What started as a passing curiosity for Benson soon took up a life of its own as he got closer to the women and listened to their stories and their real time challenges. The project became a campaign for the women who had no one to speak for them. A lot of the talk surrounding Chibok was rightfully about the missing girls, but Benson could identify so many gaps in the ways that the mothers of these girls were treated. These women were always portrayed in the media as passive, grief-stricken figures. A prominent author even accused them on Twitter of performing their pain to the entire world- to appropriate levels of backlash of course. But Benson could see their lives, the interiority, the agency and the pain. These women are in many ways, the pillars of their community. Even though their living conditions are closer to extreme poverty, they are the ones who take care of their children, send them to school, pay the fees, go to the farm, provide food and nurturing not only for the children but also the men in their lives. And they do all these with little or no psychosocial support, no mental health, physical or emotional therapy. They only have themselves. Benson observes, “I felt it was wrong on so many levels. So I resolved that the film would be used as a vehicle to get support for the women.”
Shortly before leaving for Venice, Benson and his team, in collaboration with a local NGO, raised some money and went back to Chibok. The money was used to purchase bags of fertilizers for 10 of the women. To ensure that the fertilizers aren’t lost in the whole humanitarian aid smokescreen that sometimes occurs when tragedies like the Chibok kidnap occur, Benson ensured his team was on ground, and the beneficiaries signed for whatever they got and that there was video evidence. Benson is not unmindful of the loop holes and the complexities of delivering aid to victims of disasters. He says, ‘’There was a company that wanted to support but the model they wanted to use I felt it was exploitative so I backed out. Our plan is to support 112 women, we haven’t even started yet.’’
Triumph of will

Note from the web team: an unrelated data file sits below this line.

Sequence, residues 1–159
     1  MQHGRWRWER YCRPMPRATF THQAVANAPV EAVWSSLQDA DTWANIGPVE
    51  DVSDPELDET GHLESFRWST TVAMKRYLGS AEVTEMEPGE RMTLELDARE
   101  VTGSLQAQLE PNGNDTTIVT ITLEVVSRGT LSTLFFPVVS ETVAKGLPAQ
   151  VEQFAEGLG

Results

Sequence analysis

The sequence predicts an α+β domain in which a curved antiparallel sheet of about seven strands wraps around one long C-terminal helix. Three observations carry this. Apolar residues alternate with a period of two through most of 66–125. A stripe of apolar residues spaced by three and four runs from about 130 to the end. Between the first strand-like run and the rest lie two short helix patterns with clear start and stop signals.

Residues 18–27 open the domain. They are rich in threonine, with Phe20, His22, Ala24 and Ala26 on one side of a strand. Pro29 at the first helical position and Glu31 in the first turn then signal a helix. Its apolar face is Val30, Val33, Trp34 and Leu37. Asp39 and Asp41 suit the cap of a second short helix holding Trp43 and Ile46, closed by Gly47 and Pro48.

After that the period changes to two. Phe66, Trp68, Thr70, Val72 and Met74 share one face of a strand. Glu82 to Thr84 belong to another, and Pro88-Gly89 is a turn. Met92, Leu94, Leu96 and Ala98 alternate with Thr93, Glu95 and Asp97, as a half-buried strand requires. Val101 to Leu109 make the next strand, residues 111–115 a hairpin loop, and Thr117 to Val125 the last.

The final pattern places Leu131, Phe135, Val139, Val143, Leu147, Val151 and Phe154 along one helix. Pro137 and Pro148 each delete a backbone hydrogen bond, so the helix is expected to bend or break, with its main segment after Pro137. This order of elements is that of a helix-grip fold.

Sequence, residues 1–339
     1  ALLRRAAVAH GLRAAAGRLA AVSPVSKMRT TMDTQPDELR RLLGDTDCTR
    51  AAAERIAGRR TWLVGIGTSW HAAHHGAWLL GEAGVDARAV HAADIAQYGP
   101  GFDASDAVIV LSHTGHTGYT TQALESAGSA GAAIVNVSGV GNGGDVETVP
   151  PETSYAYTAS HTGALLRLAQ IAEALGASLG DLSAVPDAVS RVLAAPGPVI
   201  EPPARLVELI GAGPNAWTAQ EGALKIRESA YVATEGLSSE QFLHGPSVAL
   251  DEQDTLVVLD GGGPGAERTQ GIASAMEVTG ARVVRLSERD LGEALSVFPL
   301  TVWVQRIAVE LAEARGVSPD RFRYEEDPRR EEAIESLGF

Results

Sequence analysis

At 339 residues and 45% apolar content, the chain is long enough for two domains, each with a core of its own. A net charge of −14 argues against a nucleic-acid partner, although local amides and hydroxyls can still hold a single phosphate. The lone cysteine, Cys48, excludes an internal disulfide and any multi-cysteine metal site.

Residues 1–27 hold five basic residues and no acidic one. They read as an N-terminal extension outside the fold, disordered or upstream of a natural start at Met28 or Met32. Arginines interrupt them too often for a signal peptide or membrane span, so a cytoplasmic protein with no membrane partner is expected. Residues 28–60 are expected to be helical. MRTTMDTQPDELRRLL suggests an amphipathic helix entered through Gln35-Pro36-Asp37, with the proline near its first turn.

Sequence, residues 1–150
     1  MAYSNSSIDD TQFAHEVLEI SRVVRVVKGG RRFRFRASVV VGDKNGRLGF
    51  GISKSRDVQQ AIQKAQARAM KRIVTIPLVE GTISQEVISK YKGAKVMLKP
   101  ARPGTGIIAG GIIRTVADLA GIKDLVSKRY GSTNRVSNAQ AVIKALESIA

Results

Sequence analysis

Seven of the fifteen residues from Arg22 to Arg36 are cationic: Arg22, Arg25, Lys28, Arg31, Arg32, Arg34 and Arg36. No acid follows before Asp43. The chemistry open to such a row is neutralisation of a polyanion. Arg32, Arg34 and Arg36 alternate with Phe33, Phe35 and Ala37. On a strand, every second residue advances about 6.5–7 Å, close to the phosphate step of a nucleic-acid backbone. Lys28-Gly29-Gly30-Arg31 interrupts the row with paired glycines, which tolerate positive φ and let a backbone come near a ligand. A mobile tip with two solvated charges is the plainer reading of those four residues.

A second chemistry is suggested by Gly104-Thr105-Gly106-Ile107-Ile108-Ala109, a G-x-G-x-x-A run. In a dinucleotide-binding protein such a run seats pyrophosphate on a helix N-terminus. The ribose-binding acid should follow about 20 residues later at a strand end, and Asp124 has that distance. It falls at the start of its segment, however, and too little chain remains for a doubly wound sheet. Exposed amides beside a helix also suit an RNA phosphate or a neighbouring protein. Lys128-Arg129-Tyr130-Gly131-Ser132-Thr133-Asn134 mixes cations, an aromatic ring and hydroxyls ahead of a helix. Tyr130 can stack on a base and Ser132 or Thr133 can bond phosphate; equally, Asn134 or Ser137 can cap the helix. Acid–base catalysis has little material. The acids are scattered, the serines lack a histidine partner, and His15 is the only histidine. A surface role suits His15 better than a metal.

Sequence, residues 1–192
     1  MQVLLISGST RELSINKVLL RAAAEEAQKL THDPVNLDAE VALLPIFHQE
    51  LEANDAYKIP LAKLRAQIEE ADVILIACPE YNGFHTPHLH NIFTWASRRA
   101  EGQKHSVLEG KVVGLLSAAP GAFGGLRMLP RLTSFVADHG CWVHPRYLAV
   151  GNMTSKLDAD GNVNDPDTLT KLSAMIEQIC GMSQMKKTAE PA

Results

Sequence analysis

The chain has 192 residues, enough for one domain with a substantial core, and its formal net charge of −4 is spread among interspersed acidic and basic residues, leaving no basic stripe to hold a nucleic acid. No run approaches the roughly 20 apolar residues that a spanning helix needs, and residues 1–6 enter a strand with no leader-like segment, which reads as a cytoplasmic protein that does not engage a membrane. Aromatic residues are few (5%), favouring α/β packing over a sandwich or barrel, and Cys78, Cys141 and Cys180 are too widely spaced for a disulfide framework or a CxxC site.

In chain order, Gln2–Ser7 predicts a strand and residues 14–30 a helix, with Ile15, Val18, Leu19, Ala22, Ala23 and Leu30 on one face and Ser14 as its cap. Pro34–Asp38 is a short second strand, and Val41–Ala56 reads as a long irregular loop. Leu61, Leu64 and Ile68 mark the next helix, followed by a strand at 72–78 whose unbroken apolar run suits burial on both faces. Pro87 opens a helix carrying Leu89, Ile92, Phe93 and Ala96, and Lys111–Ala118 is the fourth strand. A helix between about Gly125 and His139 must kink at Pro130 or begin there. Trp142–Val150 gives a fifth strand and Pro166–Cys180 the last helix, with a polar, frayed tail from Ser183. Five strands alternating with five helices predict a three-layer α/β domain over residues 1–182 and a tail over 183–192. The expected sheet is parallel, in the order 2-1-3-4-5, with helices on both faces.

Benson’s journey to founder of VR 360 Stories, his own Lagos based startup production company is one of perseverance and an unflinching determination to succeed, despite the hard knocks of life. Born into a middle-class family in Lagos, Benson’s comfortable life was upended when his parents separated and his dad lost his job.
Benson stayed with his dad in Abia state while his mother moved back to Lagos with some of his siblings. After a while, his dad left entirely and a teenage Benson was left to his own devices. He took a night bus to join the rest of his family in Lagos but tragedy struck when he lost his mum shortly after.
A friend who was a production assistant introduced Benson to the world of Nollywood and he began to hang around film sets, running errands for the stars and writing screenplays on the side. Benson also began to play around with cinematography, video editing and got direct access to someone who could teach him the ropes. While his friends would visit all night cybercafes sourcing for ways to make a quick buck, Benson would spend all the time researching film schools he could apply to. “I knew all the fees for all the schools.’’ he recalls.
At this stage of his life, Benson tried everything including gospel music. His brother started a band, 6Team with his friends and Benson joined them. The band went on tour in London and Benson took the opportunity to enroll in a filmmaking course at the Central Film School in London, thus kicking off his career as a filmmaker.
He was drawn to documentaries because he could relate with the stories of resilience and the human spirit. This interest has taken Benson across the country and to festivals and programs in Italy, Berlin and the United States. He has been able to build this passion for documentaries into a sustainable career that currently employs a tidy team and trains them not just on filmmaking but on the latest trends in VR. Benson insists that his company is profitable and he does not owe salaries.His production company’s work with corporate clients is able to fund the personal storytelling like the Chibok documentary that he gravitates to as a filmmaker. Benson urges filmmakers to adopt similar models instead of complaining that documentary filmmaking isn’t profitable.